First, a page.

Institutional Change and the Roots of the Athenian Rule of Law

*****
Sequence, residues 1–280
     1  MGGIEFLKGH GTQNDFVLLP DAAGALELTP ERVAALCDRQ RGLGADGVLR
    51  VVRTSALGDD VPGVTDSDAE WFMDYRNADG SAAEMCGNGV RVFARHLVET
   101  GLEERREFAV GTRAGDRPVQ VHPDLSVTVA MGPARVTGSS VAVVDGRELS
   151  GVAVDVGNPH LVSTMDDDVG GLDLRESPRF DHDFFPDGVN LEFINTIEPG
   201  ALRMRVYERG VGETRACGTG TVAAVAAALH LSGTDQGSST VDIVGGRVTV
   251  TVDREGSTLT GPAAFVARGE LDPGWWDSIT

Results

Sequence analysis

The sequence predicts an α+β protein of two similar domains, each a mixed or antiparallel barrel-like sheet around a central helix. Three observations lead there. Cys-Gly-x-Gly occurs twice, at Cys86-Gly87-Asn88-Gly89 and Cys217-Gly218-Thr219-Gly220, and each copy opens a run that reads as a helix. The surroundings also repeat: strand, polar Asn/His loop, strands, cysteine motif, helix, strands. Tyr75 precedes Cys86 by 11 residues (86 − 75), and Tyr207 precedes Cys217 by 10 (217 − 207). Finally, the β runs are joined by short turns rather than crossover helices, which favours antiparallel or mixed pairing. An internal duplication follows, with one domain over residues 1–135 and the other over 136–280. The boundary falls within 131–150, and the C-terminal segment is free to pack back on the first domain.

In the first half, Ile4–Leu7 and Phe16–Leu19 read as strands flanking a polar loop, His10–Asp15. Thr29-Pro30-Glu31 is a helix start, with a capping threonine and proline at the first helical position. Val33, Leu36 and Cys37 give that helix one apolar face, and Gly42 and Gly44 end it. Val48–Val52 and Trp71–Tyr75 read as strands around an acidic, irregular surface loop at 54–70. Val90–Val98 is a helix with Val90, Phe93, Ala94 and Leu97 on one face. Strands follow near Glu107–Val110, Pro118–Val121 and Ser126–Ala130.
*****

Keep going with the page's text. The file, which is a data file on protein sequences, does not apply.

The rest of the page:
Abstract: At the end of the 5th century BC, a massive shock to Athens’ political and economic structure brought a prosperous, imperial polis to the brink of collapse. Classical scholars have variously argued that, in the aftermath of the shock, Athens’ established the rule of law through a series of reforms to the polis’ legislative and judiciary institutions. Where did ‘the rule of law’ come from? This article explores the dynamics of institutional change in ancient Athens by analyzing how beliefs affected institutional change, and how institutional change shaped long-term political and economic outcomes. I argue that, during the late 5th century crisis, the Athenians articulated the notion of patrios politeia (i.e., the constitution of the fathers), as a commitment to the laws of the polis. The commitment to law was eventually weaved into the structure of a new, self-enforcing constitution. The constitution fostered political stability and economic recovery by enabling investments in institution building and infrastructure. Because the institutions enabling the provision of democracy and prosperity in Athens differed considerably from their modern counterparts, this study helps enrich the range of empirical evidence available to students of development. Because well-documented historical cases offer a window into the dynamics of institutional change, the emergence of the Athenian rule of law highlights the contextual nature of successful institutional design.